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For years, the percentage of Americans without health insurance remained in a narrow range.
For example, the uninsured rate in the five-year period ending in 2012 stayed within about 1.5 percentage points, hitting a high of 16.7% in 2009 and a low of 15.4% in 2012 and 2010.
That relative stability ended in 2014 when the uninsured rate fell, according to the Census Bureau, to an all-time low: 10.4%.
The widely acknowledged reason for the plunge: key provisions of the 2010 health care reform law — including rich federal premium subsidies for the lower-income uninsured to buy coverage in public exchanges and an expansion of Medicaid eligibility — took effect.
But if the Patient Protection and Affordable Care Act were repealed — which a majority of congressional Republicans have voted for numerous times and is supported by Donald Trump, the presumptive GOP presidential candidate — the uninsured rate would soar, according to a report released earlier this week.
According to an analysis by the Washington-based Urban Institute, the uninsured rate would leap to 19.4% by 2021 if the ACA were repealed, a whopping 81% increase compared with the projected 10.7% rate if the ACA remains. In all, 53.5 million Americans would be uninsured, compared with 29.6 million if the law stays.
The biggest drop in coverage would be within the nation's lower-income population. For example, enrollment in the Medicaid program would fall to 54.8 million in 2021, down from a projected 69.3 million, according to the study, which was partly funded by the Princeton, New Jersey-based Robert Wood Johnson Foundation.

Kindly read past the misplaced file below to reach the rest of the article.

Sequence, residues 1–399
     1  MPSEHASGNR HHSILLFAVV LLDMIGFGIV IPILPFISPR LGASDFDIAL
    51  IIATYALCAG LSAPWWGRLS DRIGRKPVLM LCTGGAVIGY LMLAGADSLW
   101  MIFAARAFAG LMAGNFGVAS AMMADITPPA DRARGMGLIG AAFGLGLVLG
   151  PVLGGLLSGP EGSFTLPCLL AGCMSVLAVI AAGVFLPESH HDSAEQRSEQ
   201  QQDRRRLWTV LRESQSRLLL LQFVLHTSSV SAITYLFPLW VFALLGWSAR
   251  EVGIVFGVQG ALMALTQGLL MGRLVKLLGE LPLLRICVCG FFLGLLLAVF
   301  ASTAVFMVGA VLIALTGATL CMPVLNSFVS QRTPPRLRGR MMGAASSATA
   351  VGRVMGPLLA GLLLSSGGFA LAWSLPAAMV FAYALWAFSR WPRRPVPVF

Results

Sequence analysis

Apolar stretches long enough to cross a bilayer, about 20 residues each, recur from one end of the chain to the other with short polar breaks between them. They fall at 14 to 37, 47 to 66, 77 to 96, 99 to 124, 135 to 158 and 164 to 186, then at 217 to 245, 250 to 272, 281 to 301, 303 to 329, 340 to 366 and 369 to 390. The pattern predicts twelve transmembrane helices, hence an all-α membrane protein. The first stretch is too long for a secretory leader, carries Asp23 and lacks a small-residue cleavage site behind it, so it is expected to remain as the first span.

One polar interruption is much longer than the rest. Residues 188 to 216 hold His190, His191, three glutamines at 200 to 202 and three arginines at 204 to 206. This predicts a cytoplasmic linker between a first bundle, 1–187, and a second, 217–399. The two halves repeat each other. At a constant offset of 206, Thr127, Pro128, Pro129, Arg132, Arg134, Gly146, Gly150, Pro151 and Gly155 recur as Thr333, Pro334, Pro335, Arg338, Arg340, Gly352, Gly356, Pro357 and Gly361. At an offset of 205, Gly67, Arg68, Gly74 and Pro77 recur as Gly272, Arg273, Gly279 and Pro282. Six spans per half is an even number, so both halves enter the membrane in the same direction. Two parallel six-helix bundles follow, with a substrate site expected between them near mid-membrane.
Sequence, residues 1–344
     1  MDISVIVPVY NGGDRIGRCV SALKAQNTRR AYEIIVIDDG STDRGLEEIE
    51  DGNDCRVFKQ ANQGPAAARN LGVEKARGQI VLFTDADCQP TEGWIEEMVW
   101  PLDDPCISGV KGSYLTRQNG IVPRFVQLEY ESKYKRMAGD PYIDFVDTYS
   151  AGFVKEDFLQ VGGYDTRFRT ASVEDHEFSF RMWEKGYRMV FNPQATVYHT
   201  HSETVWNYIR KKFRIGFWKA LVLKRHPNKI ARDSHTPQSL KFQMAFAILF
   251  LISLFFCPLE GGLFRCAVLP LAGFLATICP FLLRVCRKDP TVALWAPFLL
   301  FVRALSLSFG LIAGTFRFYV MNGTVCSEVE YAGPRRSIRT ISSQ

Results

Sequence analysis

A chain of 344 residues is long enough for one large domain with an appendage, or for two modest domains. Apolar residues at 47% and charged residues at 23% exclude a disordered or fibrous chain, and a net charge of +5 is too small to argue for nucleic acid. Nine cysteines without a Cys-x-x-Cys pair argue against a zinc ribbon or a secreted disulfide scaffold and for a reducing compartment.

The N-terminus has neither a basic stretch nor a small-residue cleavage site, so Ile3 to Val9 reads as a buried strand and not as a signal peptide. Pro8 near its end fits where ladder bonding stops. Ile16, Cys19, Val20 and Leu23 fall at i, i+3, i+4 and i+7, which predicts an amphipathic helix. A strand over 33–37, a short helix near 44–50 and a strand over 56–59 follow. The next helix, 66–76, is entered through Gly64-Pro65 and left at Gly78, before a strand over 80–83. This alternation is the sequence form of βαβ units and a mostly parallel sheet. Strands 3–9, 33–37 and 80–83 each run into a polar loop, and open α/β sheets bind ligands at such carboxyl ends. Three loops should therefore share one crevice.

That drop would be the result of the end of an ACA provision in which the federal government heavily subsidizes states that expand Medicaid eligibility to those earning up to 138% of the federal poverty level — or $33,534 for a family of four — up from the prior 100% of the federal poverty level limit of $24,300 for a family of four. About 30 states have accepted the federal subsidies by boosting income limits for Medicaid recipients.
In addition, 11.5 million people would have nongroup health coverage in 2021, 8.8 million fewer people than the projected 20.3 million with such coverage if the ACA were not repealed. That big reduction would be triggered by the loss of rich federal ACA premium subsidies available for the lower-income uninsured — those with incomes between 100% and 400% of the federal poverty level — to purchase coverage in public health insurance exchanges. For example, subsidies are available in 2016 for a family of four collectively earning up to $97,000.
If the law were to be repealed, “we would be back to the bad old days in terms of the uninsured rate,” said Kathy Hempstead, senior adviser for health care with the Robert Wood Johnson Foundation.
While there is widespread agreement that the ACA deserves credit for the large reduction in the uninsured rate, there are big problems with the law, especially the public exchanges.
“The stability of the health exchanges leaves us in doubt as some insurers who have lost massive amounts of money” are pulling out, said James Gelfand, senior vice president of health policy at the ERISA Industry Committee in Washington.
For example, citing huge losses, UnitedHealth Group Inc. disclosed earlier this month that it intends next year to exit public exchanges in all but a handful of states.
Mr. Gelfand said a big problem facing insurers writing coverage in the exchanges is one of adverse selection in which individuals opting for coverage are those most likely to have costly medical problems.
A stream of health insurer lawsuits over the government's failure to make promised risk corridor payments under the health care reform law faces an outcome that is far from certain.